Larin expands Optics research

Under the direction of Professor Kirill Larin, the Cullen College of Engineering’s Biomedical Optics Laboratory is home to an entire realm of innovative medical research.

"Our primary objective is to develop noninvasive, early detection methods to diagnose various diseases," said Larin, assistant professor of Biomedical, Mechanical, Electrical and Computer Engineering.

For many diseases, such as cancer, early detection significantly increases the chance of survival. For instance, mammography, an imaging technique that uses a low-dose x-ray, has become the standard of breast cancer detection.

Most of the projects at Biomedical Optics Laboratory involve the use of Optical Coherence Tomography, a non-invasive and high resolution imaging technique. Developed in 1991, this technology is used to obtain detailed structural images of many tissue types.

"One of our projects involves the use of Optical Coherence Tomography to detect abnormalities in the heart of the developing embryo," Larin said. "OCT makes it possible to view fine details that we would not have been able to observe with any other imaging techniques at this level of resolution coupled with the imaging depth."

Of Larin’ s most notable research is his ongoing project to detect decompression sickness in a person before symptoms develop. Decompression sickness is a disorder that occurs when the body’s pressure fluctuates rapidly. Under the basic laws of physics, at higher pressures air molecules are better dissolved in the blood; therefore, the blood contains more gas molecules than in normal conditions. If a person ascends to a lower pressured environment too quickly, molecules such as nitrogen will form bubbles in the blood and tissue, causing tissue injury or blocking blood supply to organs. Symptoms can range from joint pain to memory loss, seizures and, in extreme cases, death. Divers, astronauts, pilots and mine workers are the most common victims of this type of illness.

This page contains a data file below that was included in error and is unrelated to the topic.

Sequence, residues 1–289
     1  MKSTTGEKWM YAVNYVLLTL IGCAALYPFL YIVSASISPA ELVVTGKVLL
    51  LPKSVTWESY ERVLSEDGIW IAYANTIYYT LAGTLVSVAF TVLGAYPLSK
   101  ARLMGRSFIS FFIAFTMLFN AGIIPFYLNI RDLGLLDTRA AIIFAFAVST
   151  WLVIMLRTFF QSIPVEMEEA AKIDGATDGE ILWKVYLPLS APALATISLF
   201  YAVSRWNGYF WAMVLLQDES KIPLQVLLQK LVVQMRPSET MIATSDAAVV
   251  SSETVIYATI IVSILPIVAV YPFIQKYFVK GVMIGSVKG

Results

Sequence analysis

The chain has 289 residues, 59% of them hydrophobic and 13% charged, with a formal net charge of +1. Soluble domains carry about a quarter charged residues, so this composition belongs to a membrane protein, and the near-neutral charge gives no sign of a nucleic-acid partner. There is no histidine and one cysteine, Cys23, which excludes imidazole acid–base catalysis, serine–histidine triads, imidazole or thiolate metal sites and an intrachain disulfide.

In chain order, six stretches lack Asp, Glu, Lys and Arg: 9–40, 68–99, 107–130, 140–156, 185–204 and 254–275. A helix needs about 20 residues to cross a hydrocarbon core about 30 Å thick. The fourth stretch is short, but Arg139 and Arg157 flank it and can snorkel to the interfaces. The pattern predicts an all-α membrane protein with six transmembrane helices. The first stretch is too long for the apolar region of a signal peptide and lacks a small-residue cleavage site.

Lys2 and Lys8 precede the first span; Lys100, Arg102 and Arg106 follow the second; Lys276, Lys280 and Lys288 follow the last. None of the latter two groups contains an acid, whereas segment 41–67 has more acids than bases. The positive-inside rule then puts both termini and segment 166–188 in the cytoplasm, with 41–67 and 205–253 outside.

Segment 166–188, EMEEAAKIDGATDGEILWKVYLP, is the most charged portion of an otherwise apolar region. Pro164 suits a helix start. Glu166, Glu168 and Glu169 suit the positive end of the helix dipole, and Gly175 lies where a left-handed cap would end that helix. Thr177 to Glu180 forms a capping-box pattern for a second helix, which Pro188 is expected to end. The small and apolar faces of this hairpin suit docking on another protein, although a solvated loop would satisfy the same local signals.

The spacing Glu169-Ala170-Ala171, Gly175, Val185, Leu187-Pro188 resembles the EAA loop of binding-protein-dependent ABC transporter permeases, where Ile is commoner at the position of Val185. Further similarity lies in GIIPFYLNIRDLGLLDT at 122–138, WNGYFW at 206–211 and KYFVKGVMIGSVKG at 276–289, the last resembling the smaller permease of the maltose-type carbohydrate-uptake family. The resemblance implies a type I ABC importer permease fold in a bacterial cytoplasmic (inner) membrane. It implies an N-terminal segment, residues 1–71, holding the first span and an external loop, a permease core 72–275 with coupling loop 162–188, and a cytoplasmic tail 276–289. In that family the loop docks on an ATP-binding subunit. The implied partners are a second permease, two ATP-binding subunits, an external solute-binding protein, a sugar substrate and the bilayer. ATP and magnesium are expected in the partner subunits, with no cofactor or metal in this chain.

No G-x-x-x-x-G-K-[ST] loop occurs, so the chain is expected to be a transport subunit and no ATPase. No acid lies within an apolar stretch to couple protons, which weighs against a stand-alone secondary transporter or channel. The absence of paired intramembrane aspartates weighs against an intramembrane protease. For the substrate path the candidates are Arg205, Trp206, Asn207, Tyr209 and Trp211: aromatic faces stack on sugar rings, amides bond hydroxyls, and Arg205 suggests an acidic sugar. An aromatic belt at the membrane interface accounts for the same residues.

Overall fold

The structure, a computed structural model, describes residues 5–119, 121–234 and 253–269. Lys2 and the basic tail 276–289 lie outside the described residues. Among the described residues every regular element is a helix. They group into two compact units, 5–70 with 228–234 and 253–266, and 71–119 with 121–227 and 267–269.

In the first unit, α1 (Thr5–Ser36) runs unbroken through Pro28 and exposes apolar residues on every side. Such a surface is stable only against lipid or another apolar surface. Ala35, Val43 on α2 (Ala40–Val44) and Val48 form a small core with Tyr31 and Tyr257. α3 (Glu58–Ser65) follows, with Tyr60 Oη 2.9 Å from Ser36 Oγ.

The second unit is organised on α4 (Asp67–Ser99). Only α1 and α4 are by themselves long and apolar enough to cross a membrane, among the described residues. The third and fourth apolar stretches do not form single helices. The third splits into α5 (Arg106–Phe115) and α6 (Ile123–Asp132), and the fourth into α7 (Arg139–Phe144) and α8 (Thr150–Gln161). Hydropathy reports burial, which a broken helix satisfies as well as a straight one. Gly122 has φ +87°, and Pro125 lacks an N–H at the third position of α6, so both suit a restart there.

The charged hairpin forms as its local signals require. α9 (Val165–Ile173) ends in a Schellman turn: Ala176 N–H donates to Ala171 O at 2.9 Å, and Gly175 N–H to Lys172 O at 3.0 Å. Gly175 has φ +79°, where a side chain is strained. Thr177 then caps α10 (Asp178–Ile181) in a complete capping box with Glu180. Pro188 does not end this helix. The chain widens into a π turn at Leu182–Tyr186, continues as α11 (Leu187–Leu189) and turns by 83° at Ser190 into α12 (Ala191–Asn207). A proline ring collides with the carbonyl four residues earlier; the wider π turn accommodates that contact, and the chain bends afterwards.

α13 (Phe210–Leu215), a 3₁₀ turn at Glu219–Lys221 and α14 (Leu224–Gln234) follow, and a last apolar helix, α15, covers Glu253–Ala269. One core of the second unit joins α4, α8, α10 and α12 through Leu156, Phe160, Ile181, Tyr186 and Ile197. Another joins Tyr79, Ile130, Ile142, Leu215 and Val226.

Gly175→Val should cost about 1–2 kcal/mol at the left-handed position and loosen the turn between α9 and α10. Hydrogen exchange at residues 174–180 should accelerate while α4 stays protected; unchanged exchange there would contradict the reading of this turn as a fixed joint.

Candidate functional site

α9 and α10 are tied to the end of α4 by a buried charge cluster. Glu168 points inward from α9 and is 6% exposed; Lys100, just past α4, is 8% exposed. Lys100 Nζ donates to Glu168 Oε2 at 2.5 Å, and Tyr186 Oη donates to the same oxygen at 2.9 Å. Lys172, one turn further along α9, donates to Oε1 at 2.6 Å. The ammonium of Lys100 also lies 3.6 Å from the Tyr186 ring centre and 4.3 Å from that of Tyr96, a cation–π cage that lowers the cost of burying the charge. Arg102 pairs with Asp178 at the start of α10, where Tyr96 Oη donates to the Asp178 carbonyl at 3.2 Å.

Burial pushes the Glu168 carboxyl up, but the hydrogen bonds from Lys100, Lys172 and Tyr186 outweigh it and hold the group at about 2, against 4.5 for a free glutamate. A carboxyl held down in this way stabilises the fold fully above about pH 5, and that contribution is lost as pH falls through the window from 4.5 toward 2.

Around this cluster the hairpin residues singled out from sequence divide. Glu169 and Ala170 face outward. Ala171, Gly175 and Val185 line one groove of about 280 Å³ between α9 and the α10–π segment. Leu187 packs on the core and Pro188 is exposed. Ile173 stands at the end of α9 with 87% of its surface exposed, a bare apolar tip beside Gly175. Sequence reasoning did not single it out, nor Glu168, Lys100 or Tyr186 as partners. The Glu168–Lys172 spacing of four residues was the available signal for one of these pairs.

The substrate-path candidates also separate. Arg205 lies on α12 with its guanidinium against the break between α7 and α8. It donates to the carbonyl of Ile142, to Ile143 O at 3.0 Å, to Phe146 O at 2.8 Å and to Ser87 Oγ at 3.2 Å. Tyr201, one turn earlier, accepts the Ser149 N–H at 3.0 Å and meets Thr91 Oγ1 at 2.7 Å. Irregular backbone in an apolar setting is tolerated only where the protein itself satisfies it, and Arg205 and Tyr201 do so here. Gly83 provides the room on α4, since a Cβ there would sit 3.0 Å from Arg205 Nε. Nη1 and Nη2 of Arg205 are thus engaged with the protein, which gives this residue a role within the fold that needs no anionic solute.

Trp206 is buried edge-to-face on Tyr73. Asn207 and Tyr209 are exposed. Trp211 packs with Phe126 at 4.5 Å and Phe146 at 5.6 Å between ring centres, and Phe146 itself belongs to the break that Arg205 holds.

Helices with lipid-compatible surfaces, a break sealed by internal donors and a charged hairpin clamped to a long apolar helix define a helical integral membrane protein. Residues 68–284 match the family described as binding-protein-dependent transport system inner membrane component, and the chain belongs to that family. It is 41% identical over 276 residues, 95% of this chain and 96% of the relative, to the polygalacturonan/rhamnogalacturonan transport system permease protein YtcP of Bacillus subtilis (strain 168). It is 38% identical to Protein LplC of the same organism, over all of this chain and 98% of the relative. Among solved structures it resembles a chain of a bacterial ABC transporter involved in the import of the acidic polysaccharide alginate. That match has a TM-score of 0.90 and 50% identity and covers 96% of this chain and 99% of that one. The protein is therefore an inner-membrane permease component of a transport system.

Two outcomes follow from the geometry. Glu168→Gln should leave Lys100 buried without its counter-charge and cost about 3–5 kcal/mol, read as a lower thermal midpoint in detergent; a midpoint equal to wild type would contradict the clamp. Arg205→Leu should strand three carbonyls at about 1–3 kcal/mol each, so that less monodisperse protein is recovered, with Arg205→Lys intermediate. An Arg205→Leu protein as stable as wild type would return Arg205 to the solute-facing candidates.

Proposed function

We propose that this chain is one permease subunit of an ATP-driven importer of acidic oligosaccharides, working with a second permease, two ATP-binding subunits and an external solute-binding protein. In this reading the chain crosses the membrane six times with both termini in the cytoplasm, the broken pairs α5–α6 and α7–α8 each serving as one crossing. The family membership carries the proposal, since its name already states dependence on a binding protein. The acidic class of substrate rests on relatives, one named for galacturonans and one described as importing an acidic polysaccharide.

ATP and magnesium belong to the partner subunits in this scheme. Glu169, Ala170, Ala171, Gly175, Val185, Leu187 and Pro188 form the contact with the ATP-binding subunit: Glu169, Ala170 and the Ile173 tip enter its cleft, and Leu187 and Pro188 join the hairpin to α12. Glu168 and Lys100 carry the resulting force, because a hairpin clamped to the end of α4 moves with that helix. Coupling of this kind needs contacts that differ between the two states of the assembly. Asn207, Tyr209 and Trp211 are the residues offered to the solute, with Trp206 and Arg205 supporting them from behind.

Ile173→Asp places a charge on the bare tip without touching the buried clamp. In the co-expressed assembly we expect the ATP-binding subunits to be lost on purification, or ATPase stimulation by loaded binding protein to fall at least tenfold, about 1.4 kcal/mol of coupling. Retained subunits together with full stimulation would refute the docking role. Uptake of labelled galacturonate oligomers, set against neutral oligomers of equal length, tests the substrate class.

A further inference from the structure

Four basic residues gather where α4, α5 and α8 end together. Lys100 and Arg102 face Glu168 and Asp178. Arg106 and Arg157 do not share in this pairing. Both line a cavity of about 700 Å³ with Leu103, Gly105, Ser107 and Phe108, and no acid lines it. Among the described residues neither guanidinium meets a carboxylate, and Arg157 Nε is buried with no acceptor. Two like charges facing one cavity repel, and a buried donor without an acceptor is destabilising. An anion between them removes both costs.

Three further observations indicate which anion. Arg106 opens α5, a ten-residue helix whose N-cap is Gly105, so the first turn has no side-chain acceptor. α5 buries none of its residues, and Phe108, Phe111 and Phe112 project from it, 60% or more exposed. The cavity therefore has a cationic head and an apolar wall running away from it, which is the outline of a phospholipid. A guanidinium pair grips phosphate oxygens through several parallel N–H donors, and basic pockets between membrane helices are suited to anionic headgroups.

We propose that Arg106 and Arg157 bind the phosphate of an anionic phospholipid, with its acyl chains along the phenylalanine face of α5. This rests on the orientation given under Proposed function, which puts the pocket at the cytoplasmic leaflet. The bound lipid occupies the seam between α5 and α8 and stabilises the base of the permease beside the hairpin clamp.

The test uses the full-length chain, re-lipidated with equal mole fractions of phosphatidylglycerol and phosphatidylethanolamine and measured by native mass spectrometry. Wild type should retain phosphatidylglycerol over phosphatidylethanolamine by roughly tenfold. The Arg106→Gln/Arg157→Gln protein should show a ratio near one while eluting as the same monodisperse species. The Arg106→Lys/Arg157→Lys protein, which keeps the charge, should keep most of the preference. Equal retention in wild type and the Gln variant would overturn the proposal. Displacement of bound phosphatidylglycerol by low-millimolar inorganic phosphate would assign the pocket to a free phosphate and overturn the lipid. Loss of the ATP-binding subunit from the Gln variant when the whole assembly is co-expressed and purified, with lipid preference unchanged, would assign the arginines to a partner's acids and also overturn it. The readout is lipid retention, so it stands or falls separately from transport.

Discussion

In 2007, the U.S. Navy granted Larin $400,000 to develop an optical, laser-based technique that could be able to detect the sickness in seconds. By shining a laser on the skin, the device would detect minute nitrogen bubbles in blood and tissue using OCT technology.

Originally from Russia, Larin received his master’s in Laser Physics and Mathematics with honors from Saratov State University in 1995. In 2002, he obtained his Ph.D. in Biomedical Engineering from the University of Texas Medical Branch in Galveston, Texas. Larin has been a professor at UH since 2004.

Larin and his colleagues are also involved in research that would increase the success of in vitro fertilization.

"We have recently developed a phase sensitive Fourier domain OCT biosensor that would allow us to view both structural and functional images and to monitor small changes in the developing embryo. By evaluating this information, we would determine the most viable embryos to implant, increasing the chance of a successful pregnancy," Larin said.

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